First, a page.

Oil recovered some losses from the previous session on Tuesday, but Brent crude remained below $50 over concerns that a political rift between Qatar and several Arab states would undermine efforts by OPEC to tighten the market. Brent crude futures were trading at $49.61 per barrel at 0027 GMT, up 14 cents from their last close but still almost 8 percent below 25 May, when an OPEC-led policy to cut oil output was extended to cover the first quarter of 2018.
U.S. West Texas Intermediate (WTI) crude futures were at $47.51 per barrel, up 11 cents from their previous close, but down 7.3 percent from May 25. The Arab world’s biggest powers cut ties with Qatar on Monday, accusing it of support for Islamist militants and Iran. Steps taken include closing down transport links with Qatar and preventing ships coming from or going to the small peninsular nation. That includes the port and docking area of Fujairah, in the United Arab Emirates, used by Qatari oil and liquefied natural gas (LNG) tankers to take on new shipping fuel.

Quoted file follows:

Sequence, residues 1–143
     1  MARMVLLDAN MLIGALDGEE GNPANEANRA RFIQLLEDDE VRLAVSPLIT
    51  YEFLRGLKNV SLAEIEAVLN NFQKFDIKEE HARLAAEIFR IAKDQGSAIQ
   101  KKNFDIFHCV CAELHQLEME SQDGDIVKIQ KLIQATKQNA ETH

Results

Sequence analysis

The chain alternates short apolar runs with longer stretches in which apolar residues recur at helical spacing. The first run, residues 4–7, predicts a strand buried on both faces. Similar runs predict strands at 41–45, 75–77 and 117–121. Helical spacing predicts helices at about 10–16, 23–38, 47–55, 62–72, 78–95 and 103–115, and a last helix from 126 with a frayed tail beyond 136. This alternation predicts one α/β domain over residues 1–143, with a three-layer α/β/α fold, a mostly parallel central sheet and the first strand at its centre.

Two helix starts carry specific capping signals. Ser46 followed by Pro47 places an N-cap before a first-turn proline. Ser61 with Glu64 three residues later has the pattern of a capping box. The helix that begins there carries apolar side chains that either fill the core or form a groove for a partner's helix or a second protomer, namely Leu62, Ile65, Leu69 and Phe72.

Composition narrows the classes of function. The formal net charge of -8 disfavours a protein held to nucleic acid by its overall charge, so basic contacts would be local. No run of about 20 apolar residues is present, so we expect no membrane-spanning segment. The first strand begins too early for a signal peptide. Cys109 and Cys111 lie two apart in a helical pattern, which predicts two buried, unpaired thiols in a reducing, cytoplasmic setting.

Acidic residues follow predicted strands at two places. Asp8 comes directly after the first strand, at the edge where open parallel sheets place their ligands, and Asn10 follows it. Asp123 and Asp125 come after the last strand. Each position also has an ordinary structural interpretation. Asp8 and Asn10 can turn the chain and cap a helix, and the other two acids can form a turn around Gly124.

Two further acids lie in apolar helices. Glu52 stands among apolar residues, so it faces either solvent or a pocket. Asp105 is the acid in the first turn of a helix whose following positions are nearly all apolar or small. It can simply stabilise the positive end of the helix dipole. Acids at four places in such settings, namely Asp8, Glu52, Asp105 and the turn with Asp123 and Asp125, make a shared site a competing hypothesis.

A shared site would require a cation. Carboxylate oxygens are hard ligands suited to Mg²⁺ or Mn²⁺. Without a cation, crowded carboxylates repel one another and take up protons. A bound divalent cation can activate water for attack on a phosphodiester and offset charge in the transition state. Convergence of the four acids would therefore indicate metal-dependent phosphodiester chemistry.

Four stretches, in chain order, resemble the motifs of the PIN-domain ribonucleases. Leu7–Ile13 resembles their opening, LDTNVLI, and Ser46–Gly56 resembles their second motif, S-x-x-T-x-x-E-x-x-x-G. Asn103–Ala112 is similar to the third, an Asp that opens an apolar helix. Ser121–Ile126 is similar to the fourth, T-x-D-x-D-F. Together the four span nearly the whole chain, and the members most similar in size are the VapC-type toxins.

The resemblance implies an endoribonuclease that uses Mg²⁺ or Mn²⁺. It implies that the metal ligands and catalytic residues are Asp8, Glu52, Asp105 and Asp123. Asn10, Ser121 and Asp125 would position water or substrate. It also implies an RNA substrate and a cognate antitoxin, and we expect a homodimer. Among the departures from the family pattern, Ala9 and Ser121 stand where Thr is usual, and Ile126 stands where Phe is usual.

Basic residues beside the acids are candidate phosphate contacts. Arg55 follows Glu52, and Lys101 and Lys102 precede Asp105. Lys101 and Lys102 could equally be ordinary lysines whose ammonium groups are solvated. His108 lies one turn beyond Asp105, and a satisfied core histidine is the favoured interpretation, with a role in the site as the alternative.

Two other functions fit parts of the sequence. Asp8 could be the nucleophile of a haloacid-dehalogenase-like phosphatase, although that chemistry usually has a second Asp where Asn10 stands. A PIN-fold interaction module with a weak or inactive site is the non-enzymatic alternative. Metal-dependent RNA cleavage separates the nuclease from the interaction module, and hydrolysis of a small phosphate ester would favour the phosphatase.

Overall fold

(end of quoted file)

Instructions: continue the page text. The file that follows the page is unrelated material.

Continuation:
With production capacity of about 600,000 barrels per day (bpd), Qatar’s crude output ranks as one of the smallest among the Organization of the Petroleum Exporting Countries, but tension within the cartel could weaken the supply deal aimed at supporting prices.
“A potential risk to monitor might be that Qatar will view this as being provided with less encouragement to comply with the agreed production quota,” said Jameel Ahmad of futures brokerage FXTM. Although Qatar is a relatively small oil producer, other OPEC states could see such an action as a reason to stop restraining their own output, traders said.